From an economical viewpoint, Hines says he assumes that Popcaan would be using his money to not only take care of himself and his family in Jamaica but also the community he lives in, and in effect, he has the same responsibility of paying staff and contractors, who must pay rent and feed their family with their salaries.
“In any event, and with our insurance guidelines, we delivered a festival, and we delivered a show where all four artistes arrived, and all four artistes performed but under the mitigating circumstances the crowd got extremely excited because the festival was happening, and the breaches happened of the security. To keep them safe we had to do our risk management fully in place. “
Dwayne admits to allowing Skillibeng and Shenseea to continue their sets though the sound cords were compromised to keep the crowd controlled and show moving. He declared that 3 LED screens, which were installed to show the performers, were vandalised.
“The front speakers were working at the time so we had to put the artistes on stage so the show could go on to keep the crowd calm so there was a low chance of rioting. Even if the crowd saw the visibility of someone performing, they’d be in hopes of the sound to be fixed and we were in hopes of the sound to be fixed, to chip in, too.”
Shenseea and Skillibeng were booed; not because of their performances but because patrons were unable to hear them. “We feel extremely bad for them both and the situation because they were counting on performing a new song they have together, which they would’ve performed for the first time together.
In the meantime, Dwayne Hines wants to honour his promise of having Toronto experience the cultural aspect of what the event stands for by assiduously working on an already-announced Reconciliation Concert with some major artistes, which he says will be mind-blowing acts, November 11, and possibly on the following day.
He plans to offer 50% off general admission tickets but VIPs will be able to redeem a free ticket when patrons produce their proof of payment, whether by retaining their physical tickets that were scanned and /or credit card transactions, and tickets bought online would have a confirmation email to make their claim.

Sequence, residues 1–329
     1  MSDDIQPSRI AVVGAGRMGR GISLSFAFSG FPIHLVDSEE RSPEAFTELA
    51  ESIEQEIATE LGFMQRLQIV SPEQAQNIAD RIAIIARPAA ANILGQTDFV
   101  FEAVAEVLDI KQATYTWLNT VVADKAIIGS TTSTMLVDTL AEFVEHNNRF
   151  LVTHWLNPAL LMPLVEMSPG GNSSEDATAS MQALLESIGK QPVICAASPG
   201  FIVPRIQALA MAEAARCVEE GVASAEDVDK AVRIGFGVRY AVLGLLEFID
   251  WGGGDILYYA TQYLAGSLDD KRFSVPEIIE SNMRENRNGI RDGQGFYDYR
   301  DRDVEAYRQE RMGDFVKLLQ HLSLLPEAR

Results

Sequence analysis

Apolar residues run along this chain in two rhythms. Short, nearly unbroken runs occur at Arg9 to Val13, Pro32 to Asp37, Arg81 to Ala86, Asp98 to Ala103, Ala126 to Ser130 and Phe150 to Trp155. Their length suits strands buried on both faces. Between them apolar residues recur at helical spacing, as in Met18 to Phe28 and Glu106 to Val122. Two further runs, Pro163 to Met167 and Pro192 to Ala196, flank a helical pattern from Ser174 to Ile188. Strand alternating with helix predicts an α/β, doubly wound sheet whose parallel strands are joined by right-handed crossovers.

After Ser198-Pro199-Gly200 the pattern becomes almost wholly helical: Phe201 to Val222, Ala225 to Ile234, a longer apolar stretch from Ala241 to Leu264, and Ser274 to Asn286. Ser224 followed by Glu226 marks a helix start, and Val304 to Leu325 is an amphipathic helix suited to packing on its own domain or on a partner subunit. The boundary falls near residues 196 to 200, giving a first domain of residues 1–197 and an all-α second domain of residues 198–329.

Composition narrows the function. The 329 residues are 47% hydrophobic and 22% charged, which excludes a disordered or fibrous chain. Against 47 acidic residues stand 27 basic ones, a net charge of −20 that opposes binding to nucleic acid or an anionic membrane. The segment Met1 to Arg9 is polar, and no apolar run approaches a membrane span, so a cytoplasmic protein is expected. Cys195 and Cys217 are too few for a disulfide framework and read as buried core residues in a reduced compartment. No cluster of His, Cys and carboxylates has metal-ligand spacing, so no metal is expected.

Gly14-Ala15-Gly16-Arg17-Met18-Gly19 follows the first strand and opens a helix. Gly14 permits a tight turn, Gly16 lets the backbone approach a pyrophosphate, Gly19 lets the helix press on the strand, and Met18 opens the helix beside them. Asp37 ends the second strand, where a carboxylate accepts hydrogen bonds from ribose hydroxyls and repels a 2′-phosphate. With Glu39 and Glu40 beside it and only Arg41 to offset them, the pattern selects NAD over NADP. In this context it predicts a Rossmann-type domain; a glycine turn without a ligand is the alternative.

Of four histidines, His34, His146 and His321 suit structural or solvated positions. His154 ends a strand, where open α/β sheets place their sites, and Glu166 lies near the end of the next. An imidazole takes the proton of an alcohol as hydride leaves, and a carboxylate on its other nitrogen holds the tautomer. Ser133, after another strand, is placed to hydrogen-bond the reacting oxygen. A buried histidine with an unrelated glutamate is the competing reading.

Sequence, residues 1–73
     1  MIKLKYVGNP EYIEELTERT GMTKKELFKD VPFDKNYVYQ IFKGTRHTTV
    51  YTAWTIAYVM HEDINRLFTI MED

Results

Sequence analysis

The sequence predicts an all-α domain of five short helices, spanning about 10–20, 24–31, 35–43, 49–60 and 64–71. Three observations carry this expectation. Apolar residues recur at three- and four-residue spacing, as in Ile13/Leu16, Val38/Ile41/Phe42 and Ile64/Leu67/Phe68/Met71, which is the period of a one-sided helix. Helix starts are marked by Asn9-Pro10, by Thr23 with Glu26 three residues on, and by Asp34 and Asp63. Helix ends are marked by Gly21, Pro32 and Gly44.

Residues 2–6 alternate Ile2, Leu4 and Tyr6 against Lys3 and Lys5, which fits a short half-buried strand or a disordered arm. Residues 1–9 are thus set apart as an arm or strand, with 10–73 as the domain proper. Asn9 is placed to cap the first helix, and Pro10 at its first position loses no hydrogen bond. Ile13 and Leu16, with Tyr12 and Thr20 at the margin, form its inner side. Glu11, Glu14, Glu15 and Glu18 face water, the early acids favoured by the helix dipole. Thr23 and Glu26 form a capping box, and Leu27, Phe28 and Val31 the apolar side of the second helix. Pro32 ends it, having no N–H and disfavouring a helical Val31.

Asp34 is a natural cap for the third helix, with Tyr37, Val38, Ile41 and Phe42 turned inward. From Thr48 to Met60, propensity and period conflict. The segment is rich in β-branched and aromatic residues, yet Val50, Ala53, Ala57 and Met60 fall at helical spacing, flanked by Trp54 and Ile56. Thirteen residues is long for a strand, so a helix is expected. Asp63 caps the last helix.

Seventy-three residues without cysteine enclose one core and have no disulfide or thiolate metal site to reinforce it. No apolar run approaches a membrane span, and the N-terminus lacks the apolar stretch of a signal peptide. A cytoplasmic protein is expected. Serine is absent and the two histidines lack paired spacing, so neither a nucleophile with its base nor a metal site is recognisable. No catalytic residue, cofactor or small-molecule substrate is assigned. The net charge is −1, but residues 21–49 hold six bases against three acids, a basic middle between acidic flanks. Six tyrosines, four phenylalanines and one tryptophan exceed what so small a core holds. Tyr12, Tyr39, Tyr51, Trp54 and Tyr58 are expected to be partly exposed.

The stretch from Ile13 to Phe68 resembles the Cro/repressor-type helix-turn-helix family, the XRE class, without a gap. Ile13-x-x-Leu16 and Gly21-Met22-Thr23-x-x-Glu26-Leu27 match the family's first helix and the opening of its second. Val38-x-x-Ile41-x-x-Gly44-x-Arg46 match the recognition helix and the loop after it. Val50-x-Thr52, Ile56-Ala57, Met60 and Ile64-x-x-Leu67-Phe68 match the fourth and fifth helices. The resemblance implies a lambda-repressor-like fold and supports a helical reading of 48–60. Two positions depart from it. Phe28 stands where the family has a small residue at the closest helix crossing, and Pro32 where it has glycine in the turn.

However, patrons are not convinced though about ever going back to any of the group’s productions. “It was a disaster to say the least. Running out of water early in the evening and the bars running out of cups so water bottles were emptied to use for containers for alcohol, made my day miserable. I almost fainted, furthermore, people were contentious, which egged on fights and disharmony,” says an individual who bought VIP ticket and wants to remain anonymous.
In a press statement, released following the unrest, Kingston Music Festival says invariably they’re not assigning blame but to offer their perspective. “Together, we are just beginning our celebration in music. We brought together thousands of fans to experience our culture…We will be moving forward to compensate our loyal patrons by bringing the next festival indoors (inside of an arena) with a 50% off pro code. We will relive #kingstonfest and together make the ultimate experience.” Some are saying that they can’t imagine who the group could bring to Toronto to entice them to another show, not even if it’s free!
Sophia Findlay is a Toronto-based journalist, who is a society columnist, lifestyle connoisseur, custom content curator, podcast host, social media blogger and mother of two, who aims to inspire through her news, reviews, and on-the-ground reporting.
Her Sofi Style column also appears regularly in the Jamaica Gleaner North America Online Branded publication.